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The impact of changing demographics

By Amitendu Palit | China Daily | Updated: 2013-07-10 08:10

The latest United Nations projection for world population reflects the significant demographic changes likely to occur in different parts of the world over the next few decades. The changes have strong economic implications, and many of them have already begun taking place.

One of the major projections is India's emergence as the world's most populous country in another fifteen years. India's population is expected to equal China's by 2028 and subsequently overtake it.

But while in 2028 both countries are expected to have a population of 1.45 billion each, India's population is projected to reach 1.5 billion in 2100 compared with China's 1.1 billion. The difference in the projection for the two countries' populations at the end of the century is because of the difference in the nature of their growth. India's population will continue to grow at a positive rate for several decades before declining in the later part of this century. But the rate of growth in China's population will become negative after 2030 and its population will start declining much before India's.

While the Indian population is expected to become more than China's by 2030, Nigeria is expected to overtake China as the second most populous country by the end of the century. Nigeria's current population is 173 million. Its population growth will be almost explosive as it is projected to surpass the US' population by the middle of the century and match China's by the end.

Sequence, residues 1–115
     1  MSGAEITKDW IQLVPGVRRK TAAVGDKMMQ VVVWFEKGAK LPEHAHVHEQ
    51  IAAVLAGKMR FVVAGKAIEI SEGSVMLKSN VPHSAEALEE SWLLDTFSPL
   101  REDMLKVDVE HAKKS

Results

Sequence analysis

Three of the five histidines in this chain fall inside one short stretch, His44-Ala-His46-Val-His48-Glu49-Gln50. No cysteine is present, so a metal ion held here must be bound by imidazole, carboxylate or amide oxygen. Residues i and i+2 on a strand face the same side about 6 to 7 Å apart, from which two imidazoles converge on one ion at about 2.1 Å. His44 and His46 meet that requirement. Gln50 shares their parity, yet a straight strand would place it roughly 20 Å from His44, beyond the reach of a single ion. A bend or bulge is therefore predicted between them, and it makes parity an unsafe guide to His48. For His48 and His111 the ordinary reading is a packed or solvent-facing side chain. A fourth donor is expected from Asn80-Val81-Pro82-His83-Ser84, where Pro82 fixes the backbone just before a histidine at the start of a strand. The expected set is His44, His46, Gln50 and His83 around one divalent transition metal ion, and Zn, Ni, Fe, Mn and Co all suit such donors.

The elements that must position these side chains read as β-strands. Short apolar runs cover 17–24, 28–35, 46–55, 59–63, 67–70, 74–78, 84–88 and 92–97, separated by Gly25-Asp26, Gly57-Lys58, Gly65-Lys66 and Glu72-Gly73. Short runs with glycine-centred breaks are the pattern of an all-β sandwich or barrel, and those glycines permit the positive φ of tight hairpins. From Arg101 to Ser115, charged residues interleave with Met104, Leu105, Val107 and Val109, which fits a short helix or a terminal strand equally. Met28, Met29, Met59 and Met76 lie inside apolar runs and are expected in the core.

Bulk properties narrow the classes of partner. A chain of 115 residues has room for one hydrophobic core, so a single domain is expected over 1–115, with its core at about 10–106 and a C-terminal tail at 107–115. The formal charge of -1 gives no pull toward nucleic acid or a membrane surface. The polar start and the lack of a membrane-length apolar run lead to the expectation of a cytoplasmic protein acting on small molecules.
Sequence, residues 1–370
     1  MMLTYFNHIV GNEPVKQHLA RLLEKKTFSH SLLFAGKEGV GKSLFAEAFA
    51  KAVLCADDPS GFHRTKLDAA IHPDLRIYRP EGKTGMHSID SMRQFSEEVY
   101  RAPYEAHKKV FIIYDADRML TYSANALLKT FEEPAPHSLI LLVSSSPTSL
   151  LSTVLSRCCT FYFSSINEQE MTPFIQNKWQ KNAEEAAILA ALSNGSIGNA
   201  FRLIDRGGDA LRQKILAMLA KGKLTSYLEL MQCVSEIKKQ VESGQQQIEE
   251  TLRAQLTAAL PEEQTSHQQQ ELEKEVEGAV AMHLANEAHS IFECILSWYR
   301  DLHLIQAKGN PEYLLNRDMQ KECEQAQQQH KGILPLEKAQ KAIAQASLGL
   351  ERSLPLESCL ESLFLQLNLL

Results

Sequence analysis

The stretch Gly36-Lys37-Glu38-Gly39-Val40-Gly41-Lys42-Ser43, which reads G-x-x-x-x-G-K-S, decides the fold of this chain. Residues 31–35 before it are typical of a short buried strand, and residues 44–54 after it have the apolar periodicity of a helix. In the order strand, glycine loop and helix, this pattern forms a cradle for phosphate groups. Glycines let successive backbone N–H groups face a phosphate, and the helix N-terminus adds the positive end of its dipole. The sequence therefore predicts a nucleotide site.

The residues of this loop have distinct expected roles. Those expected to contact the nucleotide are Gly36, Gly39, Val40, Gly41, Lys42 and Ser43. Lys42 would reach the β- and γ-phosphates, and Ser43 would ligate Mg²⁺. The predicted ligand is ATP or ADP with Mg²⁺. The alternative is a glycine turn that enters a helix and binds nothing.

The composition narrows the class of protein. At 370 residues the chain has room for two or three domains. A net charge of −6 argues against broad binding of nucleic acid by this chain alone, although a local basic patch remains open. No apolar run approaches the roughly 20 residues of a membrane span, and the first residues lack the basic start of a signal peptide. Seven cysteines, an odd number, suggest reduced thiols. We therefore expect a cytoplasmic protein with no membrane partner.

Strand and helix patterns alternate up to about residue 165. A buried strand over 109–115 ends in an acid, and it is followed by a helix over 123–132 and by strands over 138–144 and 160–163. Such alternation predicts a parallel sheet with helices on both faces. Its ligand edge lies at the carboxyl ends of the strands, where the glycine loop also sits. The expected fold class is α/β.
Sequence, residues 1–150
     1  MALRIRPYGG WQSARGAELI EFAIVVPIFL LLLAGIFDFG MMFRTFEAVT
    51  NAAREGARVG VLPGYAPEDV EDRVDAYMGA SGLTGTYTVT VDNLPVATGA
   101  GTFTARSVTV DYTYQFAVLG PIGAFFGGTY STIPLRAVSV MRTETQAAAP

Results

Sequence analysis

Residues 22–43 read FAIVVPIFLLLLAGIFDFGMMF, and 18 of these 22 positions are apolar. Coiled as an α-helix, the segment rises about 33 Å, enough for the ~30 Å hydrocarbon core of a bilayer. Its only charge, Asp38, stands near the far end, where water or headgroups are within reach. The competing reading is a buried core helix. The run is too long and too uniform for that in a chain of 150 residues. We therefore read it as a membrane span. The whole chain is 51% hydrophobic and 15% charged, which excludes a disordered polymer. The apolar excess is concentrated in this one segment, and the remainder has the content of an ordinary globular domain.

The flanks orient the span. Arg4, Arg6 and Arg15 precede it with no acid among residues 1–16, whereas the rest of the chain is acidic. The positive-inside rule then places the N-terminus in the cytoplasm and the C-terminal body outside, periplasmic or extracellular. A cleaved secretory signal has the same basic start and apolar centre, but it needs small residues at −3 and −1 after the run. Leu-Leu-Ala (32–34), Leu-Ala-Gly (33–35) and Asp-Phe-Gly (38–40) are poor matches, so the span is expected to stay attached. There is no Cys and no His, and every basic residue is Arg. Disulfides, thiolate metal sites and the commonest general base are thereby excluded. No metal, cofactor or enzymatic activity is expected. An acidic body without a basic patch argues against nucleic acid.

In fact, the African continent is projected to be the largest contributor to the increase in global population this century. Apart from Nigeria, other African countries projected to have rapid population growths are Tanzania, Congo, Ethiopia, Uganda and Niger. These countries will join Pakistan and Indonesia as the world's most populous countries following India and China.

These demographic changes have far-reaching economic implications. It is clear that some countries from Asia and Africa will be the largest global population hubs in the future. But they may not become the most prosperous economies. This is particularly true for African countries. While a resource-rich and relatively industrial African economy like Nigeria may grow and develop to become a major regional economy, other African economies experiencing high population growth, particularly the sub-Saharan economies, may remain economically backward. Even Nigeria, despite its economic potential, could find it difficult to expand its economy to a size that can generate enough livelihoods for its fast-growing population.

The problem of the demographic phenomenon of rapid population growth in high-fertility countries not being accompanied by the economic phenomenon of sustained high growth for creating jobs and generating employment is not a concern only for Africa. It also applies to populous Asian economies like India, Indonesia and Pakistan. The new population projections, while confirming the possibility of these countries enjoying demographic dividends over the next few decades, also draw attention to the economic imbalances that these demographic changes could produce.

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